Infertility Increases Risk of Serious Psychiatric Illness
Published: July 16, 2012Multiple small studies have demonstrated a link
between infertility and psychological distress, reporting high rates of
anxiety and depressive symptoms among women with infertility. These studies
have evaluated psychiatric symptoms or psychological distress; however,
less is known about the prevalence of more significant psychiatric disorders
in this population.
Data from the largest study to date of women with infertility was recently
presented at the annual meeting of ESHRE (European Society of Human Reproduction
and Embryology) by Dr. Birgitte Baldur-Felskov.
Danish investigators were able to examine the records of 98,737 Danish
women evaluated for infertility between 1973 and 2008. They found that
women who remained childless after their first investigation for infertility
had more hospitalizations for psychiatric illness than women who had at
least one child following their investigation. The most common discharge
diagnoses were “anxiety, adjustment and obsessive compulsive disorders”
followed by “affective disorders including depression.”
In another study (also from Denmark), investigators examine a cohort of
51,221 women with primary or secondary infertility who had been referred
to hospitals or private fertility clinics in Denmark between 1973 and
1998. Each woman was followed from the date of her initial fertility evaluation
In this study, they discovered that women who did not have a child after
initial fertility evaluation had a greater than twofold risk of suicide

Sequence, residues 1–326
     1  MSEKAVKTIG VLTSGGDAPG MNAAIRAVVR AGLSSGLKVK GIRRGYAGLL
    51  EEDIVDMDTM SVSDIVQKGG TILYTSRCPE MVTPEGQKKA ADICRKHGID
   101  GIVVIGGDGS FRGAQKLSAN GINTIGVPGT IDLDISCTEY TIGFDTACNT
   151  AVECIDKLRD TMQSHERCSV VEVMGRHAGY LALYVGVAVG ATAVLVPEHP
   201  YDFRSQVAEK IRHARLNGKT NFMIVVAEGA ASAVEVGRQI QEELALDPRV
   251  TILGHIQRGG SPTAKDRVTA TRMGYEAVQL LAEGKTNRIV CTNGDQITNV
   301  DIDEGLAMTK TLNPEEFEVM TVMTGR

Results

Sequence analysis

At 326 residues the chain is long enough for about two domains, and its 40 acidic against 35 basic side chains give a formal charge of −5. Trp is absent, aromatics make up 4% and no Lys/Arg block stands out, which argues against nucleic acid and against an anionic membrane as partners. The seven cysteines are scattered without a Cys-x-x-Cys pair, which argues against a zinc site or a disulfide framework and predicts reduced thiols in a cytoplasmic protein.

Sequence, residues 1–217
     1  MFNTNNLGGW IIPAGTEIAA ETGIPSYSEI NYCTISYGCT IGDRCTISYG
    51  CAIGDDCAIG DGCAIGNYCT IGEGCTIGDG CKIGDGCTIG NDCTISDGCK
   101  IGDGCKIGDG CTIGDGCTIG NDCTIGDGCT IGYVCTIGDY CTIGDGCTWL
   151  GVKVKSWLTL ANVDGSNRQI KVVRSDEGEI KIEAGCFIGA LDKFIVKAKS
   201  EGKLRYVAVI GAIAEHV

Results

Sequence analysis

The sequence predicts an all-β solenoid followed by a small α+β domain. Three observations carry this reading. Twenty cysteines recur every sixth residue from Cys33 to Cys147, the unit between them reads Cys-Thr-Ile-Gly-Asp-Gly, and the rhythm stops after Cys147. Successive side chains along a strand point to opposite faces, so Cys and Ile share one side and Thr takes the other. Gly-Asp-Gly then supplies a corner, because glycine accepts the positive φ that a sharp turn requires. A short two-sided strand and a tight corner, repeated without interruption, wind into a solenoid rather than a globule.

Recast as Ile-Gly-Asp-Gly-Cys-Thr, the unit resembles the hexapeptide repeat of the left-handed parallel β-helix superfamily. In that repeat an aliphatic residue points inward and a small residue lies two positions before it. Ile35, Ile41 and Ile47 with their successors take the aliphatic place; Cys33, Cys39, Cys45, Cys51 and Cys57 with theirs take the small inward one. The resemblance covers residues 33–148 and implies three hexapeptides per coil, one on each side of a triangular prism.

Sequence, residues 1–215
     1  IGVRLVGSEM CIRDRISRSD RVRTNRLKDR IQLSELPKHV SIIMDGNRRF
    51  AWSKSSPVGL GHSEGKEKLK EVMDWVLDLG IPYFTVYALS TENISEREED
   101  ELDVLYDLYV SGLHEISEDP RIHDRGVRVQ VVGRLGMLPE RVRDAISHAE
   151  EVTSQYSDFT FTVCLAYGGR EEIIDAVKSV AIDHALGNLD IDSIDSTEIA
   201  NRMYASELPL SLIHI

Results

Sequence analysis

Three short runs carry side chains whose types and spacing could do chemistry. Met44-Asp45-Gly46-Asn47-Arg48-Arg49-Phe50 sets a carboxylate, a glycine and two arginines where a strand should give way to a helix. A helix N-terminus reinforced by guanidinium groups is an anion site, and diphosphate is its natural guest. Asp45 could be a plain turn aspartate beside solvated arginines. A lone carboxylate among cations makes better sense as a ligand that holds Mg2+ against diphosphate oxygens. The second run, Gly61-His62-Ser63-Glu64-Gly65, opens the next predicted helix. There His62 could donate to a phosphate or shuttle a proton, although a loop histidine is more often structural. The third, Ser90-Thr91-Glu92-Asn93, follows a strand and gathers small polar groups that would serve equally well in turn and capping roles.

(HR: 2.43; 95% CI: 1.38-3.71) than women who had at least one child after
evaluation. Women with secondary infertility, i.e. women who had a child
before a fertility evaluation but did not succeed in having another child
after evaluation, also had an increased risk for suicide (HR: 1.68; 95%
CI, 0.82-3.41), although this finding was not statistically significant.
These two reports extend our understanding of the impact of infertility
and its treatment on risk for serious psychiatric illness. While future
studies will help to determine which women are the most vulnerable to
illness in this setting, these two large studies highlight the need for
adequate screening for psychiatric illness and appropriate interventions
in women who are evaluated for infertility.
[Mike Berkley writes: Acupuncture and herbal medicine have been shown
to effective treatment modalitites for anxiety and depression.]
Ruta Nonacs, MD PhD
Kjaer TK, Jensen A, Dalton SO, et al. Suicide in Danish women evaluated
for fertility problems. Hum Reprod. 2011;26(9):2401-7.
Read more: Childless Women With Fertility Problems at Higher Risk of Hospitalization
for Psychiatric Disorders (Science Daily)